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What Is Your Real Risk Tolerance


In the past week stock markets across the world experienced one of the wildest rides since 2011 when the US government played chicken with the debt ceiling. Since 2008 investors have been caught in one of the longest bull markets that gains have become an expected norm. It’s no wonder that when the S&P 500 fell by 10% and almost 1000 points in two days that it came as a big shock and brought fear into the minds of the average investor. It also didn’t help when the media jumped in and declared it a stock market crash with fears of Armageddon to come.

Since then the market has recovered somewhat, but volatility continues in the markets and potential large swings in the market may still come. Now that the first wave has passed us by, the real question to ask oneself is how comfortable did you feel with such wild market swings? Were you super emotional over losing so much money so fast? What’s you true risk tolerance?

Thinking Emotionally

BBmbzviWhen markets fell did you quickly reach for the phone or web browser to quickly liquidate your stock holdings? If you had that sudden urge or you actually sold your equities at the bottom then perhaps your risk tolerance isn’t really as high as you thought it was. Investing in equities isn’t for everyone. Certainly there are much safer investment strategies that can be done to protect your principal, but of course it comes at the cost of lower returns. The more important thing is that whatever investment strategy you take, you must be comfortable with it.

When the markets actually stopped trading after the opening bell 1000 point loss on the S&P, I honestly did not know that it had happened until a colleague of mine told me. Frankly, I don’t watch over my portfolio on a day to day because I don’t day trade nor have a strong emotional attachment to my portfolio. What I do know is that I invest for the long term and I have faith that the economies of our world will continue to grow. That’s my own personal philosophy, but of course it might not be yours.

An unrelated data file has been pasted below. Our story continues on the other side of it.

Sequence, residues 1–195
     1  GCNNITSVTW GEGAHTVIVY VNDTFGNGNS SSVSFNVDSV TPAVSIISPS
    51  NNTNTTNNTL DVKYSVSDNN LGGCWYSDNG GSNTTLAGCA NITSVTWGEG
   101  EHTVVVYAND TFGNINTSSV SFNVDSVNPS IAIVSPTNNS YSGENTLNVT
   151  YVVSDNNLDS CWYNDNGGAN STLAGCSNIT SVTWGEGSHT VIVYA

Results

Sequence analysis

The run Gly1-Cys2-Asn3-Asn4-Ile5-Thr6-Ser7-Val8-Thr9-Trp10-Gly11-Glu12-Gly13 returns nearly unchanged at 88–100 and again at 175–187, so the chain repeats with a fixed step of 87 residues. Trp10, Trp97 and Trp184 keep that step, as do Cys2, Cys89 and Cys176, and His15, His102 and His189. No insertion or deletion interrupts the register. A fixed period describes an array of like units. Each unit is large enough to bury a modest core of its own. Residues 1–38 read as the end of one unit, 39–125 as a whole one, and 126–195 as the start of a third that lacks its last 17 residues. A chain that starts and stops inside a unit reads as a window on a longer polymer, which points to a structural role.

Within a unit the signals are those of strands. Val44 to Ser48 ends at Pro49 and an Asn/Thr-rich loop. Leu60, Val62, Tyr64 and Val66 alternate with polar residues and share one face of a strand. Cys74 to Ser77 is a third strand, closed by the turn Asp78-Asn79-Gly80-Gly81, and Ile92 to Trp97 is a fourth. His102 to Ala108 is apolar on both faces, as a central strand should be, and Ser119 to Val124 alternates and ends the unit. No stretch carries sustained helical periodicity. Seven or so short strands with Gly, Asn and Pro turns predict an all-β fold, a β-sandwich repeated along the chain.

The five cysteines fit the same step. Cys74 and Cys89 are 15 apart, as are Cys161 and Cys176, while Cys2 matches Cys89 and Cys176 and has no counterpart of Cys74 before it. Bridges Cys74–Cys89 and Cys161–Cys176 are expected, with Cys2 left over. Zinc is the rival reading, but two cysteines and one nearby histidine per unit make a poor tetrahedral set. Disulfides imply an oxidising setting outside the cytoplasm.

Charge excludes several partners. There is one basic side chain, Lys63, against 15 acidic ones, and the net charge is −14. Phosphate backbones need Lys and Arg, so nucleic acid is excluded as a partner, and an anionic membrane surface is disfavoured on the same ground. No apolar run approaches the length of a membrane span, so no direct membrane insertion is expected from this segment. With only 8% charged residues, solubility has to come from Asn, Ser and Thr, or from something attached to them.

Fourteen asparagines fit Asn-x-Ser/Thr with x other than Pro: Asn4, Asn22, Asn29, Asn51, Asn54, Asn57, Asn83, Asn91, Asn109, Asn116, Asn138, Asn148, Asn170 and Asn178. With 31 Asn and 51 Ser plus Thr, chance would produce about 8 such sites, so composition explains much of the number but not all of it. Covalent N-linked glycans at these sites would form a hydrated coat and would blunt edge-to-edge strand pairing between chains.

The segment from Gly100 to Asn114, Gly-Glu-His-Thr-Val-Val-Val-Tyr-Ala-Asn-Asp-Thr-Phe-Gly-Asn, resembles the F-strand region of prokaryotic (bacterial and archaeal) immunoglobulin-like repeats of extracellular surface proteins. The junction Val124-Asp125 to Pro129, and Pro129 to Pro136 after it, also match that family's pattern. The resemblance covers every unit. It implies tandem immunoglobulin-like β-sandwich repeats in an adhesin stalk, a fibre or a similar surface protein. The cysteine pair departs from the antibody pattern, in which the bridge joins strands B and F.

Choosing The Wrong Strategy

If the markets fell by 10% and your own personal portfolio fell by more than the S&P drop, you might have put yourself into a higher risk situation than you might feel comfortable with. When things do well, we tempt fate with greed and we believe that the good times will continue going, but when the bad comes we are not prepared for it. Fear is greater than greed. We as human beings are more likely to do rash things when we’re in fear.

If your own portfolio fluctuates too much for your liking then perhaps it shouldn’t be weighted so heavily into equities. This is the one biggest mistake average investors make. They tend to pile all of their money into one asset, be it one fund or one stock and hope that it goes up. For safety’s sake, there needs to be balance in your portfolio to really mitigate the volatility that arises when markets turn sour. Simply buying stocks alone is not a good strategy for your mitigating risks on your  investments. Diversifying your money into different asset classes may allow you to sleep more soundly at night.

I’m personally a fan of the Canadian Couch Potato strategy because it incorporates the safety of bonds in an investment portfolio. Bonds don’t grow quickly. They will not make you an instant millionaire. There has never been a success story of a bond buyer turned billionaire, but for an average investor, bonds represent a balancing effect of sorts for an investment portfolio.


A quick look back over the last week will show how resilient bonds are to a market correction. They don’t suffer the same kind of drop that stocks do simply because part of the principal is protected. They create a calming effect on an investment portfolio. If you want to limit the impact and volatility of your own investment portfolio, then perhaps bonds are something that you should look into buying in order to smooth out the bumps.


Investing is a personal preference that needs to evolve over time to meet the needs of what you want as an investor. Everyone has their own risk tolerance. Perhaps yours is higher than the person beside you. Maybe 50% losses are immaterial to you, but means life and death to someone else. These extremes cannot be enforced on every individual. That’s why as an investor, we need to learn to adapt to ourselves and revisit our investment strategy if it doesn’t jive with our current principles.

Remember that the market doesn’t always go up. There will be good years and there will be bad years. What people fail to realize is that since the 2008 crash the market has had a remarkable bull run. Those that stayed invested and continued investing even after the crash were rewarded with their patience. It might be inevitable that another crash may occur one day, but just remember that if you put faith that the world will continue to grow, the citizens will continue to innovate, then ultimately the markets will reward you again with your perseverance.

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